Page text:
If no one is buying they lose their power.

    This was an error - not an intentional misbranding of product. Mistakes happen and the company has taken responsibility and put new measures in place to prevent something like this in the future. Nothing is perfect. I agree with other posters that lawsuits of this nature will only hinder the willingness of companies to create of new gluten-free products in the future. Everyone growing their own organic gardens is not feasible in the real world.

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    Cynthia is right about "using our buying power" when it comes to how and where we get our food. The real truth is that the food/agricultural companies are ruining our food. Monsanto is the biggest, most corrupt of all, including general mills. Monsanto controls over 90% of the world's seeds, yes they control what kind of seeds farmers plant in the ground. AND, if you think GMO is okay, then please understand a simple truth, "if insects and animals won't eat it, why would I??" And lastly, I wish the whole world knew that those "chem trails" in the sky are a result of Monsanto putting barium and aluminum into the atmosphere, in an effort to control the environment. What they do not realize is that they are what is killing all the bees. You never hear about that in the mainstream media outlets, but my friends, please know this "IF THE BEES GO, ALL PLANT AND ANIMAL/HUMANS WILL DIE OFF". Do you research, get some heirloom seeds and grow your own!!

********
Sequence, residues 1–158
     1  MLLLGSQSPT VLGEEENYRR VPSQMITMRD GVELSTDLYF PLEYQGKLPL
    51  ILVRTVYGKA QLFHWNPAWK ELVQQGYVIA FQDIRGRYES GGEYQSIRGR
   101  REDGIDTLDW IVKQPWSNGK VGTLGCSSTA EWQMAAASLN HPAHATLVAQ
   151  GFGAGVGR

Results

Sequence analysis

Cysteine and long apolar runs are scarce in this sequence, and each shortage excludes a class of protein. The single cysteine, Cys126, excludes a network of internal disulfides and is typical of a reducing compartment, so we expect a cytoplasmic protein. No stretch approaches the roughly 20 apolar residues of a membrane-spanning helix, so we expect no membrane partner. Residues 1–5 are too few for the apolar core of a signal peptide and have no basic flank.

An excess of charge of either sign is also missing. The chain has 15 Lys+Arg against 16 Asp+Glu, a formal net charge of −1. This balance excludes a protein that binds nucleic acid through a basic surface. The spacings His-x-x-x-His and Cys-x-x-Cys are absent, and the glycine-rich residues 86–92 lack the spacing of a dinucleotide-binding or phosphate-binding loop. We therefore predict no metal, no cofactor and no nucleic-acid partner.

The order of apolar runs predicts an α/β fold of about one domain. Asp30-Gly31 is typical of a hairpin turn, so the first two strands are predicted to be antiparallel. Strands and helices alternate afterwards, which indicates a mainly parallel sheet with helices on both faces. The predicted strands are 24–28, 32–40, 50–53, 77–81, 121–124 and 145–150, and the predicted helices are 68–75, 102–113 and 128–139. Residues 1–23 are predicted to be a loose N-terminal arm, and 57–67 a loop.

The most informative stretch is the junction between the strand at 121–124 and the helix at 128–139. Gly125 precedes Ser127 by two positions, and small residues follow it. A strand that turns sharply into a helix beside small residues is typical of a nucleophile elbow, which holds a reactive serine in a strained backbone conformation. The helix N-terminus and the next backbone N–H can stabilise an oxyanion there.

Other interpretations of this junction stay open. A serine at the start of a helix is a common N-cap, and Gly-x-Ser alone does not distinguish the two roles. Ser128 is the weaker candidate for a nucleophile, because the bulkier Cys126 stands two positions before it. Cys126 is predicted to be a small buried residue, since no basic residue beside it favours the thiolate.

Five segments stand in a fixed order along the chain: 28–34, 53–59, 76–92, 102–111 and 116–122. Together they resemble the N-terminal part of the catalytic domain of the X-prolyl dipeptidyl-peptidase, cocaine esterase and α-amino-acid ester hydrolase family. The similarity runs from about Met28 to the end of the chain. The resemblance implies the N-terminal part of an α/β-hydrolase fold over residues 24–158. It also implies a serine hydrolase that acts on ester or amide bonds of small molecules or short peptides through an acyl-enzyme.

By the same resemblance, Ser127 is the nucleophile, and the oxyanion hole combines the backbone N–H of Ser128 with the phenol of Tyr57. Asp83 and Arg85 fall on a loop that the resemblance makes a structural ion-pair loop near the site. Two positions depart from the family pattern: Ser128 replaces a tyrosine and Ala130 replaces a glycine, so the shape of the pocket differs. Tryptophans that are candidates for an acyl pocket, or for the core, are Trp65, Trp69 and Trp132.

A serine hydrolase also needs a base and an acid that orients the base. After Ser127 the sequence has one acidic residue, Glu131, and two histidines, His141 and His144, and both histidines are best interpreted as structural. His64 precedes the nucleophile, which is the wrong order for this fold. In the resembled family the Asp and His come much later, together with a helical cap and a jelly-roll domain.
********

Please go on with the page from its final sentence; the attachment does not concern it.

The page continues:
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  • About Me

    Jefferson Adams is Celiac.com's senior writer and Digital Content Director. He earned his B.A. and M.F.A. at Arizona State University, and has authored more than 2,000 articles on celiac disease. His coursework includes studies in science, scientific methodology, biology, anatomy, medicine, logic, and advanced research. He previously served as SF Health News Examiner for Examiner.com, and devised health and medical content for Sharecare.com. Jefferson has spoken about celiac disease to the media, including an appearance on the KQED radio show Forum, and is the editor of the book "Cereal Killers" by Scott Adams and Ron Hoggan, Ed.D.